ñòð. 14 
In Chapter 4 it was noted that any specific model of expected returns implie
model for stock prices. The RVF provides a general expression for stock pr
depend on the DPV of expected future dividends and discount rates. The EM
that expected equilibrium returns corrected for risk are unforecastable and v
this implies that stock prices are unforecastable. Hence tests of the EMH ar
examining the behaviour of both returns and stock prices. In principle, both ty
(rational bubbles are ignored here) should give the same inferences but, in pr
is not always the case. This chapter aims to:
Provide a set of alternative tests to ascertain whether stock returns are fo
0
Tests are conducted for returns measured over different horizons and result
on an examination of the correlogram (autocorrelations) of returns, from
tests using a variety of alternative information sets and a variance ratio te
tion, the profitability of â€˜activeâ€™ trading strategies based on forecasts from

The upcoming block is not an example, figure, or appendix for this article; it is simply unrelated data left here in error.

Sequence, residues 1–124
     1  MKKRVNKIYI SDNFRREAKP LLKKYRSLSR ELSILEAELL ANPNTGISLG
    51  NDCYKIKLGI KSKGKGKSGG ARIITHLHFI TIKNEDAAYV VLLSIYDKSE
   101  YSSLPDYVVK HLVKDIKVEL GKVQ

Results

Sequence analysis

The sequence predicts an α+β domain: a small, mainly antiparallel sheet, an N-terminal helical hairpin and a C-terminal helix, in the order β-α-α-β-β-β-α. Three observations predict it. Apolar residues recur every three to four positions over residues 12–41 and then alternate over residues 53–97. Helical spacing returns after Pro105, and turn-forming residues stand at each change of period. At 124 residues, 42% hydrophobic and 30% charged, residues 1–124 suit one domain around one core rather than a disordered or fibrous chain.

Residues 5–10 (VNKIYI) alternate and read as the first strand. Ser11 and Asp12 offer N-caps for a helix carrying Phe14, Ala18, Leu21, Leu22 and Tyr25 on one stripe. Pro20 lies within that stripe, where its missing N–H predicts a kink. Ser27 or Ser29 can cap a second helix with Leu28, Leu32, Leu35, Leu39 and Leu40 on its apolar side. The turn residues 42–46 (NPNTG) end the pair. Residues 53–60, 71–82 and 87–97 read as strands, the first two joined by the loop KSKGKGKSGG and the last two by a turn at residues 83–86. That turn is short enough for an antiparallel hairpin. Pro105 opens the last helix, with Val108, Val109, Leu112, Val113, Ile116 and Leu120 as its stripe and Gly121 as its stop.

equations will be examined.
Next stock prices and the empirical validity of the EMH as represented b
0
formula are examined. Shiller (1979, 1981) and LeRoy and Porter (1981
a set of variance bounds tests. They show that if stock prices are dete
fundamentals (i.e. RVF), this puts a limit on the variability of prices whic
be tested empirically, even though expected future dividends are unobserv
To make the above tests of the EMH operational we require an equilibrium mo
prices. We can think of the equilibrium or expected return on a risky asset as
of a riskfree rate r, (e.g. on Treasury bills) and a risk premium, r p ,
At present, there is no sharp distinction between nominal and real variables an
(6.1) could be expressed in either form. Equation (6.1) is a nonoperational i
economic model of the risk premium is required. Many (early) empirical tests o
either assume rpr and r, are constant or sometimes they assume only rp, is c
examine data on excess returns, (&+I  rt). If we assume expected equilibri
+ yâ€™Qr +
=k
Rr+l Er+l
where S 2 r = information available at time t . A test of yâ€™ = 0 provides evide
â€˜informational efficiencyâ€™ element of the EMH. These regression tests vary,
on the information assumed which is usually of the following type:
(i) data on past returns l?tj(j = 0, 1,2, . . .rn)  that is, weak form effic
(ii) data on scale variables such as the dividend price ratio, the earnings pr
interest rates at time t or earlier,
(iii) data on past forecast errors E r  j ( j = 0, 1, . . .m).
When (i) and (iii) are examined together this gives rise to ARMA models, f
the ARMA(1,l) model:
+
&+I = k + y1Rr Er+l  ˜ 2 ˜ r